By Miriam B
Last year, DSA helped to transform politics in America, by playing a key role in Alexandria Ocasio-Cortez’s upset primary victory for Congress. This year, we can help transform criminal justice and thousands of lives, freeing thousands of our neighbors from jail and the threat of prosecution for crimes of poverty, by electing Tiffany Cabán as Queens District Attorney. NYC-DSA’s Citywide Leadership Committee voted on February 10 to endorse Cabán, a career public defender and DSA member. Now, we’re preparing to mount a massive field campaign that can carry her to victory in the Democratic Primary on June 25, 2019.
A Leftist Candidate in a Crowded Field
Cabán is a queer Latina, born and raised in a working-class home in South Richmond Hill, Queens. She sees running for DA as a logical extension of her years of taking a holistic, trauma-informed approach to justice and public health and safety, because District Attorneys have so much power to decide when and how to prosecute. She is clearly the furthest-left candidate in a field of seven running for the seat that retiring DA Richard Brown has held since 1991, when Mario Cuomo appointed him to fill a vacancy.
For decades, the Queens DA Office has been second only to Staten Island’s for repressive legal enforcement in New York City. It continues to prosecute people for possession of small quantities of pot and for jumping turnstiles, and insists on cash bail, which many people can’t afford for these and other nonviolent offenses. The Queens DA Office is also notorious for requiring defendants to waive their rights to a speedy trial before offering a plea deal, and for withholding potentially exculpatory evidence from the defense until just before trial.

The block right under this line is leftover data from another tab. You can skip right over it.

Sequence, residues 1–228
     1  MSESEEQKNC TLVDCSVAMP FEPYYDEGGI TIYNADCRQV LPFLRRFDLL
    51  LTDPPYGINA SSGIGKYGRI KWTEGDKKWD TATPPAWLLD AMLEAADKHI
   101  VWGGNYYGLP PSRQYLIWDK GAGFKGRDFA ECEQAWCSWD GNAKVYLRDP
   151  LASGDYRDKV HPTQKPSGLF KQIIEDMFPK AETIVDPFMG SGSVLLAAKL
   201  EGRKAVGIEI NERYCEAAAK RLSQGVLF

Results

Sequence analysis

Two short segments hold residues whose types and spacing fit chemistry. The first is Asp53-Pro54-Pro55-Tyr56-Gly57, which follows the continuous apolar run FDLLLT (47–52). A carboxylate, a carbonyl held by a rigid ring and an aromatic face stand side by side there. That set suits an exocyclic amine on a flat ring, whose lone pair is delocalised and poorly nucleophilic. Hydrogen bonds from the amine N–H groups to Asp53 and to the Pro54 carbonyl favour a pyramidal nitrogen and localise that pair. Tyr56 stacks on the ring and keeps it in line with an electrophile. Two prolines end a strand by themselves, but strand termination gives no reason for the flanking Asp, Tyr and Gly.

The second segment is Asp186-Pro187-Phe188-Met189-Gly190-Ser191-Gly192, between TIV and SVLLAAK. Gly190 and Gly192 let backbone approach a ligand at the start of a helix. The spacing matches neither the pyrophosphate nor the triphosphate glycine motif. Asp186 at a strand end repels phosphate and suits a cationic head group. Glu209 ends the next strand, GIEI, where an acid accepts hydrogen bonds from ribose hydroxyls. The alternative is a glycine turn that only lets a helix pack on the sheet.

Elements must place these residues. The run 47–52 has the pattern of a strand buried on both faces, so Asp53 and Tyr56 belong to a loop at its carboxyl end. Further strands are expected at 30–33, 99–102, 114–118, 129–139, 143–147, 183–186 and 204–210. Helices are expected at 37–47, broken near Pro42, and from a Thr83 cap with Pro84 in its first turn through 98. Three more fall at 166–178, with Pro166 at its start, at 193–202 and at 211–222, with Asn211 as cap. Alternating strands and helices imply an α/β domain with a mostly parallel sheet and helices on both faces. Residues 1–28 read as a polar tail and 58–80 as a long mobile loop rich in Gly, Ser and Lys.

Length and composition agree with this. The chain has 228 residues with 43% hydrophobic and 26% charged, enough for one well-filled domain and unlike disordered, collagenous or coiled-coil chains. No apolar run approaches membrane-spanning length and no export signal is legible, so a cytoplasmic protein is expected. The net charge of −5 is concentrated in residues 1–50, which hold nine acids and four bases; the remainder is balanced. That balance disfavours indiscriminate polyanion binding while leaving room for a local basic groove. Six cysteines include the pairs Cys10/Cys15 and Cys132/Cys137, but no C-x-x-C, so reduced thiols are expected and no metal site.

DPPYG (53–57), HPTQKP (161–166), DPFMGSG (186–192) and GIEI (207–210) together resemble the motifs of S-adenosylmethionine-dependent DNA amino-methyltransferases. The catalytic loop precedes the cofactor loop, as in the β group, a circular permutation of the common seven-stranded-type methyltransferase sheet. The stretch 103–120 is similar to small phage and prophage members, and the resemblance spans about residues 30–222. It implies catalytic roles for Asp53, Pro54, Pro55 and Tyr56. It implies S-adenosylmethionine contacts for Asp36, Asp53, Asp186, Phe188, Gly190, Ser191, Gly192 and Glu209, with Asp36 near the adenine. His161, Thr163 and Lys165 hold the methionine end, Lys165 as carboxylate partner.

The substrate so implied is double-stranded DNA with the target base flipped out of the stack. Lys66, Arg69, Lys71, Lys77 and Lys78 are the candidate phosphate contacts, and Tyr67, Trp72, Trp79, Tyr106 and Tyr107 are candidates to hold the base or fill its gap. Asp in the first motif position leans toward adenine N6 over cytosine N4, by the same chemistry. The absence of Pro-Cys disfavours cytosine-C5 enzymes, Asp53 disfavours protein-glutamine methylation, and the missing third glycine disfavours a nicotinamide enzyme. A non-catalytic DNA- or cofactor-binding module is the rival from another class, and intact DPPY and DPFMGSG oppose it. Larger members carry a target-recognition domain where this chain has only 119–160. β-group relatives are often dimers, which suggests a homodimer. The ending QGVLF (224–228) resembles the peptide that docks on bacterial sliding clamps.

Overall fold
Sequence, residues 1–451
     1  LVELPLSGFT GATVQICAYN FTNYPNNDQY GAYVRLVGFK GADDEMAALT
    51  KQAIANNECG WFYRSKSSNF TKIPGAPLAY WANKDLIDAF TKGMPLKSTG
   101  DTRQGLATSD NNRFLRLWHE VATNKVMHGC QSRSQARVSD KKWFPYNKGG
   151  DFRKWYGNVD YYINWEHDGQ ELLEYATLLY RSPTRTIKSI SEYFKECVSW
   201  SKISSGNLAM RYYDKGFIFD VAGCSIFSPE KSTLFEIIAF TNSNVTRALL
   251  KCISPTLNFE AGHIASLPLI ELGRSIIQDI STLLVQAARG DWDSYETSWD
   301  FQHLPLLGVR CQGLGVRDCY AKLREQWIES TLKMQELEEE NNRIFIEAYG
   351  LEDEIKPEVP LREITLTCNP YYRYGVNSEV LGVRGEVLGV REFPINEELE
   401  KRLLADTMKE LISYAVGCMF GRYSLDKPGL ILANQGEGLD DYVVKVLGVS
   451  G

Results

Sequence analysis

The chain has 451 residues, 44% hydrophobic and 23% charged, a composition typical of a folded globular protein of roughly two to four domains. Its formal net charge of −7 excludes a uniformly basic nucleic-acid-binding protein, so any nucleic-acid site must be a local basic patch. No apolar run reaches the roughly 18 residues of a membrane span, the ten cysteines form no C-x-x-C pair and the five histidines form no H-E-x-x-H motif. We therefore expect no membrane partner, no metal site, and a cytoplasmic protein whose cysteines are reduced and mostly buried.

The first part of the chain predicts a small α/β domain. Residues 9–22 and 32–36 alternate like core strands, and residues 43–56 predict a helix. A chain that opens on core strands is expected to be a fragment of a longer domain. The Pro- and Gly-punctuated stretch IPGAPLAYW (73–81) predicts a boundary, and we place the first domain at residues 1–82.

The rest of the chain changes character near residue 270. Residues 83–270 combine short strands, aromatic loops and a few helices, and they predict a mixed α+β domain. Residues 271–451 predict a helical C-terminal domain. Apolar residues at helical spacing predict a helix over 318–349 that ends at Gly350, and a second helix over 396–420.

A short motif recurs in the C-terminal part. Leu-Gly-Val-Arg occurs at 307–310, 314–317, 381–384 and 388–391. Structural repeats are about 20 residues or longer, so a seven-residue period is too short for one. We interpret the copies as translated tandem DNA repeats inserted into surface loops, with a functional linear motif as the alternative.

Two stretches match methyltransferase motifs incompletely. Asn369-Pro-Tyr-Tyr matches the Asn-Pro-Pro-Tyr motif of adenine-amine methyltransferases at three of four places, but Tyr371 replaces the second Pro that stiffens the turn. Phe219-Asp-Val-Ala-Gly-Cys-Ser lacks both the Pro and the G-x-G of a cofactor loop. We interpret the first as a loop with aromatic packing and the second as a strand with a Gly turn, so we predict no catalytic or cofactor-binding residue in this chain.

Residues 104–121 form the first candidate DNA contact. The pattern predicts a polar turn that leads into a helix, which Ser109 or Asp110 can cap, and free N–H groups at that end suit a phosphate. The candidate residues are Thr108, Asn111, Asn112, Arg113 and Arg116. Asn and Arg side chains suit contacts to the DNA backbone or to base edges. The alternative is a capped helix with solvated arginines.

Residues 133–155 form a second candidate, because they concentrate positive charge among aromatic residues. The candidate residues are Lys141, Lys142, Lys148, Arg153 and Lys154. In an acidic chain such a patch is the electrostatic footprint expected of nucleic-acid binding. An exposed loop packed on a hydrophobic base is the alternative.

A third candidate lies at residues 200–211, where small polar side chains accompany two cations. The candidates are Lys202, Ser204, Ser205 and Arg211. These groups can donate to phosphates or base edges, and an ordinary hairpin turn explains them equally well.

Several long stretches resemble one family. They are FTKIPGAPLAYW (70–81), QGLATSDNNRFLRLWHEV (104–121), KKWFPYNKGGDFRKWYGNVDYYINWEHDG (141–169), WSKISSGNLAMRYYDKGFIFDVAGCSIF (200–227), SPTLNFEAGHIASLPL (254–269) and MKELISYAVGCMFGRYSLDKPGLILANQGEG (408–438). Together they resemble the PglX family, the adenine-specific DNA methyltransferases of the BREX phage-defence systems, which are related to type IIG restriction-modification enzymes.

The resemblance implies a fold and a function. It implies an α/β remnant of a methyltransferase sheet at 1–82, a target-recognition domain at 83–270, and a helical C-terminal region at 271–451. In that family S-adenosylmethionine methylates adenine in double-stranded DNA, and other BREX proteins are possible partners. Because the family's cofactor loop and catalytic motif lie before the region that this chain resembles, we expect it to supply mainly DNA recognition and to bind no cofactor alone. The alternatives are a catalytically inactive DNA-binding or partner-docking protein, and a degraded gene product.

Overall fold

Almost all the candidates claim they will eliminate cash bail (a practice that the state legislature may soon limit sharply anyway). The most conservative are Gregory Lasak, a retired judge and former Queens Assistant District Attorney, and Borough President Melinda Katz, a one-time real estate attorney who earned the Democratic County Democratic machine’s endorsement. The others are long-term politicians (Councilmember Rory Lancman) or current or former prosecutors.
Cabán is the only public defender in the race. She has pledged to reduce incarceration in Queens by 75% in just a couple of years by virtually ending pre-trial detention, using prosecutorial discretion to decline to prosecute for drug possession and sex work, reducing misdemeanor charges to violations when possible, never asking for life without parole, and cutting recidivism through referrals to effective and humane programs that help solve the problems that lead to crime.
Alone among the candidates, she’s not just for closing Rikers, she’s against building new jails; she’s not just determined to stop criminalizing poverty, she plans to tackle such corporate crimes as wage theft, tenant abuse, and fraudulent marketing of and overprescription of opioids. Cabán wants to treat addiction as a medical issue, to center community solutions to the problems that lead to crime, and to make Queens a model of restorative justice.
A summary of her platform is available here. The campaign is now consulting with leading prison abolitionists and other leftist policy experts to refine her positions.
The Path to Victory